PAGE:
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Fairfax: Sexual-Assault Claim a ‘Smear’ Meant to Block Path to Governor’s Mansion

Lieutenant Governor Justin Fairfax speaks on the campus of George Mason University in Fairfax, Va., November 7, 2017. (Aaron P. Bernstein/Reuters)

Virginia lieutenant governor Justin Fairfax on Monday called the sexual-assault allegation leveled against him Sunday night a “smear” and implied the claim was publicized by political enemies intent on blocking his ascent to the governorship.

“Does anybody think it’s any coincidence that on the eve of potentially my being elevated that that’s when this uncorroborated smear comes out?” Fairfax told reporters at the state capitol when asked if he believed the claim, advanced by the liberal Collective PAC, that embattled governor Ralph Northam’s team disseminated the allegation.

Fairfax is poised to assume the governorship should Northam cave to the mounting calls for his resignation, which began Friday after it was revealed that a photo depicting one man in blackface and another in Ku Klux Klan uniform was featured on his 1984 medical-school-yearbook page. Northam initially apologized and conceded that he did appear in the photo on Friday evening. Then, during a Saturday afternoon press conference, he rescinded the admission and said that, while he did not appear in the photo in question, he did “darken his face” with shoe polish for a Michael Jackson costume he wore in college.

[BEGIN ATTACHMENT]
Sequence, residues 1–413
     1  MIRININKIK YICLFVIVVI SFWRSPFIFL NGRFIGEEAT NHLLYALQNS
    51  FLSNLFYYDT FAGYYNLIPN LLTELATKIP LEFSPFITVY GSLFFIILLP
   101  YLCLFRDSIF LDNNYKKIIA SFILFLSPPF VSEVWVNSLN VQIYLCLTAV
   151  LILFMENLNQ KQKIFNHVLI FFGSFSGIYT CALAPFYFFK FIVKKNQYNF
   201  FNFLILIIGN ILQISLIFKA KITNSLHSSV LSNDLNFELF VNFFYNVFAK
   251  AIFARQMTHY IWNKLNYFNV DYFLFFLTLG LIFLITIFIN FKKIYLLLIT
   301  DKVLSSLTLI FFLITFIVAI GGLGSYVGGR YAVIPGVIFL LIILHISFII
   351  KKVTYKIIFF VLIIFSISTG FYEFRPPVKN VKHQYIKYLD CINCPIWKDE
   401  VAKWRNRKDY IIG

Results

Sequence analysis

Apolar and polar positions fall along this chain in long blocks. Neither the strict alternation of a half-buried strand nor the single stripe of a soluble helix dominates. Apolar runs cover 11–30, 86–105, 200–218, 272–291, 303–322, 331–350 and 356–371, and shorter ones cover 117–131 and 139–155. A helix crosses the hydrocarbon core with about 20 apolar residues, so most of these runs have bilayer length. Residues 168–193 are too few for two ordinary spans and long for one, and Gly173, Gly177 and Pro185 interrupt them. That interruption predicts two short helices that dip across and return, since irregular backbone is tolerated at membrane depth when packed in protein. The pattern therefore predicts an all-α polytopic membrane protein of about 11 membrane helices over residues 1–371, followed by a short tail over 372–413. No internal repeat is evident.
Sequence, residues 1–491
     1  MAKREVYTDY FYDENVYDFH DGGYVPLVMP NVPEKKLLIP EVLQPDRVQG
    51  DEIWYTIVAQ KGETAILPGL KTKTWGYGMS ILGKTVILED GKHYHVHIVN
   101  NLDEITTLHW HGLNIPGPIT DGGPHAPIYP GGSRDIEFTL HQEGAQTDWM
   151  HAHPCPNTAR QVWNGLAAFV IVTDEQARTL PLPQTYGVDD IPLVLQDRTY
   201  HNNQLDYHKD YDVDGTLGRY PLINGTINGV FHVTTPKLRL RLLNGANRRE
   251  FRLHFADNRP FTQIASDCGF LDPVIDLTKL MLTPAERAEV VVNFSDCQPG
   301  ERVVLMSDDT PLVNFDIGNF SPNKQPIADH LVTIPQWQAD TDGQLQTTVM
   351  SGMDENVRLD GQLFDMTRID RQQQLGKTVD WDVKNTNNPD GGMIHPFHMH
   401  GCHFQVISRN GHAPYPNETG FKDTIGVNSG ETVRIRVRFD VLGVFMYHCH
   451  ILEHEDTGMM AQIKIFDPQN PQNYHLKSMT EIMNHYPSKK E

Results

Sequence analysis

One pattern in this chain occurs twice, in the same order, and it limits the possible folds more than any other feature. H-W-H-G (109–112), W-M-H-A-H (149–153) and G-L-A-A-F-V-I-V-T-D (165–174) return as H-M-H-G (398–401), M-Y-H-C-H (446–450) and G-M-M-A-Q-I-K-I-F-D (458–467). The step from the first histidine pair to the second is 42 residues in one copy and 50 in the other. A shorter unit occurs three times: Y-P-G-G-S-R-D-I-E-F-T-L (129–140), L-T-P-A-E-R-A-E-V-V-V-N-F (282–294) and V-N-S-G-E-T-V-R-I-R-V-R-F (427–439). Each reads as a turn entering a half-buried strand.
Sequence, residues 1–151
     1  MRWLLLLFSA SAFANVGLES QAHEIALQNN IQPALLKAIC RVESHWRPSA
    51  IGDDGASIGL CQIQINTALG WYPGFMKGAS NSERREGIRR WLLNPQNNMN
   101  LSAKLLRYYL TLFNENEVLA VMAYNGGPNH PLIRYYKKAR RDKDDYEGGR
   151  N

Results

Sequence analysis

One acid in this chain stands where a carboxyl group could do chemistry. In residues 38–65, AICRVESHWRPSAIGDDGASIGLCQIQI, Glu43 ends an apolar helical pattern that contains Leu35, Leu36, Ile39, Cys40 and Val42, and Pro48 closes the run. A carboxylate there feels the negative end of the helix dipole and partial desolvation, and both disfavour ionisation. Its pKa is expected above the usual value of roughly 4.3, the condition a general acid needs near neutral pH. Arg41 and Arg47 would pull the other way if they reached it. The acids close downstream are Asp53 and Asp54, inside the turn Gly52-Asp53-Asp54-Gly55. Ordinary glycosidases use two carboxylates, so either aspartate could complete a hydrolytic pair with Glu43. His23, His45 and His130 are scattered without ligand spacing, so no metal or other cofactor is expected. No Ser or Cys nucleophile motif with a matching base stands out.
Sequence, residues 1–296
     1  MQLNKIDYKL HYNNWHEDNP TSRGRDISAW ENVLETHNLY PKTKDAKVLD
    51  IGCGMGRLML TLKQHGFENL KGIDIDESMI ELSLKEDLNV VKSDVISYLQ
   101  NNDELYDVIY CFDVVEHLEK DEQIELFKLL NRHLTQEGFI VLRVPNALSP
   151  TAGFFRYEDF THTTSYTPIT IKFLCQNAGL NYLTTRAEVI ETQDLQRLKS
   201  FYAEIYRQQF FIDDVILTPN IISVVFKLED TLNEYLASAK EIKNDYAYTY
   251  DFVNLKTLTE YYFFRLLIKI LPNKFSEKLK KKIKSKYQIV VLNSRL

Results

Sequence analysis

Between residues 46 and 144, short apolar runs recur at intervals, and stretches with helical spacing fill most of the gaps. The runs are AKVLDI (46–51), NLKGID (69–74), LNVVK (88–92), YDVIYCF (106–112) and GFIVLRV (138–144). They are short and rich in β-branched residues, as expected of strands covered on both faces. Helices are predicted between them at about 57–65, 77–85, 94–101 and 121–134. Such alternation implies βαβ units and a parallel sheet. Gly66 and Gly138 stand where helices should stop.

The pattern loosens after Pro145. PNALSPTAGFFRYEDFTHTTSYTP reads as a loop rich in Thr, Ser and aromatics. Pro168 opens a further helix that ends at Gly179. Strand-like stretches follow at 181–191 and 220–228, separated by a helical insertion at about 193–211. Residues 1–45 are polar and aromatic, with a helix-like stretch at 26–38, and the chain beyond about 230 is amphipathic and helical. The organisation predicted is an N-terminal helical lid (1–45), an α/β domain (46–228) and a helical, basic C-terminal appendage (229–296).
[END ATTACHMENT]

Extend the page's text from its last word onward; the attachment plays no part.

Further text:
Without naming him specifically, an unnamed woman accused a politician that fit Fairfax’s description of sexually assaulting her in a hotel room during the Democratic National Convention in 2004 in a post published Sunday night by Big League Politics, the right-wing website that first published the Northam yearbook photo.

Fairfax admitted to having a consensual sexual encounter with the woman in a Monday statement but denied ever having assaulted anyone, citing the Washington Post‘srefusal to publish, and inability to corroborate, the women’s claims as evidence of his innocence.

 

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